The new world of IoT seems very exciting at first glance. With all these new gadgets that can connect to the Internet, what tech enthusiast wouldn’t be keen to equip their home with the latest tech? People are kitting out their residences with everything smart, from cooking utensils to security systems.
While all this connectivity is very useful to users, it’s also a double-edged sword. If you can connect to a device from across the Internet, a hacker can, in theory, do the same. If the security is tight enough, it’ll keep the hackers at bay; however, what if the IoT world is proving to be less secure than we had hoped?
The Dangers of IoT
It’s not too long ago that we covered the man whose Nest cameras were hacked by a benevolent agent. While that specific hacker meant well, who knows what could have happened if a malicious agent got into the network instead?
This case is an example of how the Internet of Things can open up our homes to attackers. While it gives us control of everything within our house, it also gives hackers a window of opportunity through which they can gain information about where you live. More importantly, they can use the information to work out when you’re out and stage a robbery.
If a hacker manages to gain access to the control panel of a smart home, they can use the information to try to gauge if you’re in or not. If they notice that you have all the lights off in your home and the thermostat is down low, there’s a good chance that means you’re out. Should they gain access to the indoor cameras, they can even do a quick scan of the inside to see if anyone’s in.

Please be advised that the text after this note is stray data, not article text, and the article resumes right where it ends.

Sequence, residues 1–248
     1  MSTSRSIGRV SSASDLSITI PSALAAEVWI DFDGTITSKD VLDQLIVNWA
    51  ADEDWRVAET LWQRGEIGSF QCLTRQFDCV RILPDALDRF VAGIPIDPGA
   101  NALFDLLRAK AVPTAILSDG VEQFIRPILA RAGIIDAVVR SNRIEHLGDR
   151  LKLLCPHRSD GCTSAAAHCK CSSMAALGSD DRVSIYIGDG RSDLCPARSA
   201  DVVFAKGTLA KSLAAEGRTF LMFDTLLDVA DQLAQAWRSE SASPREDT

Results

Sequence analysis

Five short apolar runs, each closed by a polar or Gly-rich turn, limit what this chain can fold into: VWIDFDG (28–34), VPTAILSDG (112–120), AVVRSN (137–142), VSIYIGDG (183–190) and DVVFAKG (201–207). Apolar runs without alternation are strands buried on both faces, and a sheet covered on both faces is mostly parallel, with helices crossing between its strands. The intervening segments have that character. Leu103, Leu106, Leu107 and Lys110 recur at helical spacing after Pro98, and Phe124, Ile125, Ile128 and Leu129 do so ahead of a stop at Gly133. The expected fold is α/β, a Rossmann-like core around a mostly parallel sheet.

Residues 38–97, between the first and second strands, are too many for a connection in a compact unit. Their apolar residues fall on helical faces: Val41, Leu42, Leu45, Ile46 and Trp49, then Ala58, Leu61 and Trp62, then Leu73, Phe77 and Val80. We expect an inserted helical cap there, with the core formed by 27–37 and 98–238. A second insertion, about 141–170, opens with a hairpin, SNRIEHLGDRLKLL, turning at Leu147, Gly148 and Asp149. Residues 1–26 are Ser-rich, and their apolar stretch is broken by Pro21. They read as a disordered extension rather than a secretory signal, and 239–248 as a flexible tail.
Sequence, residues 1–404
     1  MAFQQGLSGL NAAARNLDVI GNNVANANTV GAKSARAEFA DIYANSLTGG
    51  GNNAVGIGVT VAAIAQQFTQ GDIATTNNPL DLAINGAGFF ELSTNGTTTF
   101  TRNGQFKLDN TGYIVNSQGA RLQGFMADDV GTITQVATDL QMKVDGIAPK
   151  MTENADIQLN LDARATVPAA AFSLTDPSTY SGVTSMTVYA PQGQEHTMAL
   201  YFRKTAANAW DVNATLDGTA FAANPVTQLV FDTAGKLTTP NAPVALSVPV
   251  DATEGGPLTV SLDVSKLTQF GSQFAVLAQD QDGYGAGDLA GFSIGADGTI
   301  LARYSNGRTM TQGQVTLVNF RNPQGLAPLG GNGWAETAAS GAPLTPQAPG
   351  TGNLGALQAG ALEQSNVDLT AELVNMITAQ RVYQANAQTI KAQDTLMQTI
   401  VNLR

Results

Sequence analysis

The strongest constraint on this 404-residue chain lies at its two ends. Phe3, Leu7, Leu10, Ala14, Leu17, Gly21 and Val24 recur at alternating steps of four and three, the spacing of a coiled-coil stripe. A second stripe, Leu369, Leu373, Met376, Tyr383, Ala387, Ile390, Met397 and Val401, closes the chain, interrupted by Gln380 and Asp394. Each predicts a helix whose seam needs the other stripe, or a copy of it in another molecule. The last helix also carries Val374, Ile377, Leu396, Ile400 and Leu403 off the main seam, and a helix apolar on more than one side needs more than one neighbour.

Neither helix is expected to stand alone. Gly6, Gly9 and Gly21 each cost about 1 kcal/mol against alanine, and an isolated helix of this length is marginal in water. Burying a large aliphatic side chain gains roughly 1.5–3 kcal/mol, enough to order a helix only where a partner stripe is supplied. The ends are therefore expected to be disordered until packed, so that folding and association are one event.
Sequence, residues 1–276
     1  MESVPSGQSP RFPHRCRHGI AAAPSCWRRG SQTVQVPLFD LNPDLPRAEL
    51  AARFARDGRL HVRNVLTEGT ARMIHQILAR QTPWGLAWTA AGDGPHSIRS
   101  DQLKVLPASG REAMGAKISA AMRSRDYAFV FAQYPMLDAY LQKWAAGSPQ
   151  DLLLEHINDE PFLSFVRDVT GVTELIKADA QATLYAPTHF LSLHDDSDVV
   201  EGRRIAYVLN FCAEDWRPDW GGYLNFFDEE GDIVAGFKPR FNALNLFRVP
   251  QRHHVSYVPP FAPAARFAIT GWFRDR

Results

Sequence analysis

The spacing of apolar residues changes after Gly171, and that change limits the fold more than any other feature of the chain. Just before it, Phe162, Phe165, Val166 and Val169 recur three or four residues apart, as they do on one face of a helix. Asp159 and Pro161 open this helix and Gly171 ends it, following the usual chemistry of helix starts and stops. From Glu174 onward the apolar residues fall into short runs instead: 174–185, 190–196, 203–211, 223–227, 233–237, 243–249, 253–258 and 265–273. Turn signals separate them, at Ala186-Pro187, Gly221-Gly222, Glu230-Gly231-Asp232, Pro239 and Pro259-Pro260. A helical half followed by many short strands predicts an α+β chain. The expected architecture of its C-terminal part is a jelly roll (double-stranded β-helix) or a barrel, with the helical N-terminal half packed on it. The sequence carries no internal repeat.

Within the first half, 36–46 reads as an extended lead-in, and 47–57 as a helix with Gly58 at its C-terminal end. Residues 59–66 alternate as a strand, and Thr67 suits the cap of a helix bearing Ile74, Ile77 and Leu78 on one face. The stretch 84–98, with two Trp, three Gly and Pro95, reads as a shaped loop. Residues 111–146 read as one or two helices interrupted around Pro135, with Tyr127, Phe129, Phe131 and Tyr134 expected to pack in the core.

The New Age of Hacking
This is the threat that the Internet of Things poses. Previously, hackers would “only” get access to your PC or mobile devices. I say “only” because even that can be devastating if sensitive data is being stored on the hard drive.
Now, the effects of a hacker can reach even further into the home. Instead of simply stealing data from devices, they can have control over the inner workings of your house. As more and more of our daily routine moves to the cloud, it increases the avenues hackers can use to do harm.
What You Can Do
If you’re feeling anxious about the Internet of Things and the avenues it gives to hackers, there are ways you can stop being hacked. Ensure your devices are set up with secure usernames and passwords, and only buy from reputable manufacturers to ensure quality.
At the very least, ask yourself what would happen if your shiny new IoT gadget was hacked by a stranger. If it would do irreversible damage, perhaps opt for offline variants instead!
Internet of Unsafe Things
Connecting everything to the Internet is a great convenience for both you and any potential hackers. As such, it can be a double-edged sword to allow insecure devices into your home. Always ensure you buy quality products, and do your part to avoid an attack.
Do you think the Internet of Things makes the Internet more dangerous? Let us know below.